Yesterday I provided two lists of verses (link opens in new window or tab for reference), both of which could have been considerably lengthened. One set was meant to prove eternal security, that a person once saved is guaranteed an entrance into the eternal kingdom of God. The other set contained warnings to Christians that they need to do something in order to enter the eternal kingdom of God.
How do we reconcile the two?
The first step is to be willing to be honest.
“I know that such and such verse clearly contradicts what I said, but I believe it anyway because I have six verses that support my view.” That is not honesty. That is wishful thinking. That is making Scripture contradict Scripture. It is what I call “verses versus verses.”
Above all, that is making part of the Scripture meaningless.
Do you really want verses that you don’t want to talk about or look at?
So let’s practice on those two lists of verses I gave yesterday.
The Contrary Verse
Let’s start with a passage that causes problems for the eternal security doctrine. We’ll list just one for now, and we’ll go through the verses my Life Group leader supplied and see how we can believe this verse and his at the same time.
Be sure of this, that no immoral or impure or greedy person, that is, an idolater, has any inheritance in the kingdom of Christ and of God. Let no one deceive you with empty arguments, for because of these things the wrath of God is coming upon the disobedient. (NAB, revised edition)
Let's begin with Romans 8:38-39, although this one is too easy.
For I am persuaded that neither death, nor life, nor angels, nor principalities, nor power, nor things present, nor things to come, nor height, nor depth, nor any other creature shall be able to separate us from the love of God which is in King Jesus our Lord.
These two passages do not even seem to contradict. Romans 8:38-39 talks about things that can happen to us or that can tempt us or bring us trials. None of those things can separate us from the love of God, as long as we abide in the love of God and don’t become an immoral, impure, or greedy person. Immorality, impurity, and greed may or may not separate us from God’s love, but Ephesians 5:5-6 tells us that they will separate us from the reward of eternal life in God’s kingdom. There is nothing in Romans 8:38-39 that contradicts this.
For by one offering he has perfected forever those who are being sanctified.
Exactly two chapters later, in Hebrews 12:14, we are told that the only way we will see the Lord is if we pursue peace with everyone and holiness. “Holiness” and “sanctification” are sister words in Greek (hagiasmos and hagiazo, respectively). In this case, Hebrews 10:14 is the verb form of holiness, and Hebrews 12:14 has the noun form. Otherwise, they’re the same word.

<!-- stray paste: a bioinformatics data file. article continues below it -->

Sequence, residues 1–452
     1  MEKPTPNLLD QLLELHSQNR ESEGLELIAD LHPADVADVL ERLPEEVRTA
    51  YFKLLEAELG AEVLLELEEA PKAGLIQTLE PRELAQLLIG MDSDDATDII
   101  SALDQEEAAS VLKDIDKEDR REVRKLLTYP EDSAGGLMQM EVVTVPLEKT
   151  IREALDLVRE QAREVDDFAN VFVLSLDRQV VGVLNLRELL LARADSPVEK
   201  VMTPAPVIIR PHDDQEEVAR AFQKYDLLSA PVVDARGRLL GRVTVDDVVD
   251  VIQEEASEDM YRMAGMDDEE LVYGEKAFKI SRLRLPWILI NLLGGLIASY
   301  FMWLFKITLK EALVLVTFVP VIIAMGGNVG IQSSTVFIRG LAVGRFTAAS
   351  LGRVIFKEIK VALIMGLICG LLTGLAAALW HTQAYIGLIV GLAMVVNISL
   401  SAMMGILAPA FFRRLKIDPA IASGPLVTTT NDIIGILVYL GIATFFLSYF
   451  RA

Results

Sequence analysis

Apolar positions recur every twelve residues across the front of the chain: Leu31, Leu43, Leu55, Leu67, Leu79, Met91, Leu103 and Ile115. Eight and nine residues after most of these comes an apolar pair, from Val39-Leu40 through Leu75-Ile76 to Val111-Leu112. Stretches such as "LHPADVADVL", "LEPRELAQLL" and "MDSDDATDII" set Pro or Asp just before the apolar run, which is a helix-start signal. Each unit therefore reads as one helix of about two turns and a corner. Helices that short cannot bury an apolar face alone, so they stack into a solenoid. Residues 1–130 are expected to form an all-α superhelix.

Jesus has perfected forever those who are being sanctified. These are those who pursue holiness and shall see the Lord. These do not include those who fall into immorality, impurity, and greed. If you live in these sins without repentance, you will not enter Jesus’ kingdom no matter how much you think you believe or how much faith you think you have.
I am confident of this, that the one who began a good work in you will continue to complete it until the day of King Jesus. (NABRE)
I’m using the New American Bible Revised Edition when the KJV has stilted wording. You won’t find any differences in meaning between the two. I am also usually replacing the word Christ with King because King gives a better idea what Christ means. Christ is not a name. It is a word that means Israel’s annointed King and Redeemer, the Son of God.
Here we are told that Paul is confident that the one who began a good work in us will complete it. There are two things we have to take into account here.
1. Paul gives a reason for this confidence. He says it is only right he should have that confidence because he has them in his heart, and they have been partners with him in grace.
2. Jesus tells us how this good work is done in us in John 15. We are branches joined to a vine. The life of the vine pours forth into every branch. However, not every branch bears fruit, despite the work of both the vine and the vinedresser. It’s possible for a branch not to bear fruit, in which case it is cut off (Jn. 15:2). It is also possible for a branch to refuse to remain in the vine, in which case it is taken away and burned with fire (Jn. 15:6). In either case, the branch is no longer joined to the vine.